Formats on U.S. Networks

TV Formats looks at the hits (and misses) in formats on the U.S. networks.

It’s been a slower-than-usual year for format deals on the main U.S. broadcast networks.

In terms of new adaptations, CBS has slated Hunted, adapted from the British show of the same name. In a breakthrough for the Korean content business, CJ E&M’s Grandpas Over Flowers has landed on the NBC midseason grid as Better Late Than Never, featuring Henry Winkler, William Shatner, Terry Bradshaw and George Foreman as they travel across Asia. Shed Media’s British format First Dates is also on the NBC schedule, with Ellen DeGeneres exec-producing and Drew Barrymore narrating a show that offers a voyeuristic look at real first dates over one night at a restaurant in Chicago. FOX is gearing up to go into production on its Taye Diggs-hosted version of the BBC’s You’re Back in the Room.

The scripted space, however, appears to have taken a hit. For the fall season, just one broadcast network picked up a drama format: The CW. The network, which also went for a third season of Jane the Virgin, based on a Venezuelan telenovela, has ordered No Tomorrow, an adaptation of a Brazilian series from Globo.

Indeed, scripted formats haven’t had the best track record on the U.S. broadcast networks over the last year or so. Ahead of unveiling its new fall schedule this year, NBC revealed it was dropping Game of Silence—the first Turkish scripted series to be adapted stateside—after just one season. Mysteries of Laura, formatted from a Spanish show, was canned after two seasons. The CW, meanwhile, isn’t continuing with Containment, its midseason drama based on the Belgian TV series Cordon. These follow some high-profile failures from the 2014-15 season, notably the American take on Broadchurch, Gracepoint, and another Spanish adaptation, Red Band Society.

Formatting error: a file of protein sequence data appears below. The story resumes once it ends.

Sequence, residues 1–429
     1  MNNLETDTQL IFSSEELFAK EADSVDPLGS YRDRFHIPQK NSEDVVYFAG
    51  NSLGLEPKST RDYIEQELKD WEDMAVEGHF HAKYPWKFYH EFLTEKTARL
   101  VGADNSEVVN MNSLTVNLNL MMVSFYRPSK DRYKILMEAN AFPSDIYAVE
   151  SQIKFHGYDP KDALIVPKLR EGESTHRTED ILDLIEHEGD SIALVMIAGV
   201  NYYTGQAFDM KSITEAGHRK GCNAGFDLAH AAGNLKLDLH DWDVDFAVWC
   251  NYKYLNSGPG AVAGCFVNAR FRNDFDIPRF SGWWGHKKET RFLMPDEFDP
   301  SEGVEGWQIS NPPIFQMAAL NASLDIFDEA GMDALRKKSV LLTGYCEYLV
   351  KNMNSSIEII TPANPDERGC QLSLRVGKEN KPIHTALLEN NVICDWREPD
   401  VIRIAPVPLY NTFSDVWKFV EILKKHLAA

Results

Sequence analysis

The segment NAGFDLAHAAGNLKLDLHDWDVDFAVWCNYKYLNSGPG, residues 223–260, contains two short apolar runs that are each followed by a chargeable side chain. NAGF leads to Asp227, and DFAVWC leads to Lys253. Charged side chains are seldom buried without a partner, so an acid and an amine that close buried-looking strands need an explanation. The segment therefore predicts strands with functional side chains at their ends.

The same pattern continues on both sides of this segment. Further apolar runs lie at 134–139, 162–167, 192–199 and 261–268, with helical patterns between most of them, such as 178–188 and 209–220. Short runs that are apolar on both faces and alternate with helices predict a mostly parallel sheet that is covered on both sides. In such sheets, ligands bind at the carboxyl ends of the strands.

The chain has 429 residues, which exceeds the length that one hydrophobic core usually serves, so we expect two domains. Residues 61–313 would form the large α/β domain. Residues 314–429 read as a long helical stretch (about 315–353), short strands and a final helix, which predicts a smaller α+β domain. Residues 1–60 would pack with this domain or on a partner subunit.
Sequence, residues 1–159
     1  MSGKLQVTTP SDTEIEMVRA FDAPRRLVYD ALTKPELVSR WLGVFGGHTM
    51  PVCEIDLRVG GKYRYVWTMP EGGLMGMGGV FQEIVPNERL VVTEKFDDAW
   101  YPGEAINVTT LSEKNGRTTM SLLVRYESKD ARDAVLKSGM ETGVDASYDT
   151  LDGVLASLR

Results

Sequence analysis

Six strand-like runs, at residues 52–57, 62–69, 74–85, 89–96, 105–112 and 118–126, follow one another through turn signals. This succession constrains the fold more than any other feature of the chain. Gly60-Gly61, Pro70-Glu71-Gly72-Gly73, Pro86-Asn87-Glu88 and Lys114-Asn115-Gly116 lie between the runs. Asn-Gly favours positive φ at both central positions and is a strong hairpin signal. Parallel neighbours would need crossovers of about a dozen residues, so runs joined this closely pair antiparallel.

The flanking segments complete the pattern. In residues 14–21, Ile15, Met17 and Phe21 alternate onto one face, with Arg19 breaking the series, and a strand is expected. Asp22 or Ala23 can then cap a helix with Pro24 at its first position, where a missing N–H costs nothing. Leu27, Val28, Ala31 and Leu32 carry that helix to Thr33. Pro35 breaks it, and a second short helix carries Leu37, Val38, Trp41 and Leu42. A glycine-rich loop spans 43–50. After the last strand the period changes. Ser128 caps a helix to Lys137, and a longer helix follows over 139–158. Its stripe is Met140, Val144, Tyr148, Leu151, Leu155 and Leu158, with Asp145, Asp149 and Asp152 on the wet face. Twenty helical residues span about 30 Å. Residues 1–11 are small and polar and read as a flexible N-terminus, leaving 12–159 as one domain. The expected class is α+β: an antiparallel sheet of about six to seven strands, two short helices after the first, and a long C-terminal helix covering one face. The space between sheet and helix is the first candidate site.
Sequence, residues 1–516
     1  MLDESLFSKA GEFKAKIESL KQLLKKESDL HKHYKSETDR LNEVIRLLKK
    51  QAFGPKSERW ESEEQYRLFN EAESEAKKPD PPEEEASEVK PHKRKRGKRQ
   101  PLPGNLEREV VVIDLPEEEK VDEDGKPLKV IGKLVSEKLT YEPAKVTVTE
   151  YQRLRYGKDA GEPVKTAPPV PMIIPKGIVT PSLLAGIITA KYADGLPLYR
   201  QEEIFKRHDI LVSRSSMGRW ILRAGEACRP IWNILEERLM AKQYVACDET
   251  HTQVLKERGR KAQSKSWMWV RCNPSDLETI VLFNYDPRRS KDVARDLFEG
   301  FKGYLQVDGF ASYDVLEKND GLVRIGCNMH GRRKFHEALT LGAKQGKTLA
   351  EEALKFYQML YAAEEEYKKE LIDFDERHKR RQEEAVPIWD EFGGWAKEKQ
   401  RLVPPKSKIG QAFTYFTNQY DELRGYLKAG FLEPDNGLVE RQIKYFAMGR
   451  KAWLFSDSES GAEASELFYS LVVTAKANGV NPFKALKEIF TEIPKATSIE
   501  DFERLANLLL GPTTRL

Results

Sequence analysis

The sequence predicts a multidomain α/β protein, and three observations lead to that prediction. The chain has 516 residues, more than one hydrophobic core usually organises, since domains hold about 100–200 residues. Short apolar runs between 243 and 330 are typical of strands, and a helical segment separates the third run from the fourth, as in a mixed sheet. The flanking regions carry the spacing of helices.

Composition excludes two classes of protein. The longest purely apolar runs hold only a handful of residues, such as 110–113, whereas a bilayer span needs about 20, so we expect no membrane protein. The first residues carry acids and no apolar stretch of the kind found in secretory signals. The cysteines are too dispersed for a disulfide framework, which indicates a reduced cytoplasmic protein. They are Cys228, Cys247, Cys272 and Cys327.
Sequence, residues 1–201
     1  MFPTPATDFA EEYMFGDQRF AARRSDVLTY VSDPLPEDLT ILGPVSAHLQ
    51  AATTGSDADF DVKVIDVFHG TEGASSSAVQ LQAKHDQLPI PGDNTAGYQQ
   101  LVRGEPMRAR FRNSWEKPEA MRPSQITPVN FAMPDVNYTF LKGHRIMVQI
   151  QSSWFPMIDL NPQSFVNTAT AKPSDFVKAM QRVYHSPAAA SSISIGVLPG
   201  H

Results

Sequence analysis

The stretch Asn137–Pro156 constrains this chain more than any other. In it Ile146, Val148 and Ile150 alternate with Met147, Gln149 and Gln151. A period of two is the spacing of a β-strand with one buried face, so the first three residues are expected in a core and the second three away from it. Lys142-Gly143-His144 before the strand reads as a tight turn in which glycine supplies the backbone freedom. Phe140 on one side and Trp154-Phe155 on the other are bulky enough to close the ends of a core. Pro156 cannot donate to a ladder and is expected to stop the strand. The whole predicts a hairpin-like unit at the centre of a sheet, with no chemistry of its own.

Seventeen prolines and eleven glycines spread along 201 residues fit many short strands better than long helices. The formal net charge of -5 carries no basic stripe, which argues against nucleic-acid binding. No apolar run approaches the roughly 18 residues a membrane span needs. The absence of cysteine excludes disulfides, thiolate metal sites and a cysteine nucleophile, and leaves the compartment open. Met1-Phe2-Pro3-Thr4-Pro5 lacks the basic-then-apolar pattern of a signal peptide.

Even the non-scripted front saw some headline-making cancellations. American Idol ended its long run on FOX. The NBC version of Saturday Night Takeaway, Best Time Ever with Neil Patrick Harris, isn’t returning. America’s Next Top Model was dropped by The CW (but is being resurrected by VH1).

However, other veteran non-scripted brands are still going strong. Survivor is going into its 33rd season on CBS. The Amazing Race will be back on in midseason for season 29. Dancing with the Stars will have its 23rd season on ABC, also home to the returning Shark Tank. MasterChef and MasterChef Junior remain on the FOX grid, alongside Hell’s Kitchen. The Bachelor and its spin-offs are still strong performers for ABC. The Voice remains a ratings generator for NBC. And this summer will see the returns of I Can Do That and America’s Got Talent to NBC, which has also gone for a second season of Little Big Shots. Also on NBC, Arnold Schwarzenegger will soon be taking the spot vacated by Donald Trump on a brand-new The Celebrity Apprentice.

Format owners can also take heart in opportunities that continue to emerge outside of the broadcast networks. Next month, AMC will premiere Feed the Beast, a Lionsgate drama starring David Schwimmer and Jim Sturgess, based on the Danish drama Bankerot. And all eyes will be on how Netflix fares with its first global competition series, Ultimate Beastmaster, for which there will be six country-specific versions (the U.S., Brazil, South Korea, Mexico, Germany and Japan).

See our full guide to the U.S. broadcast networks’ fall season here.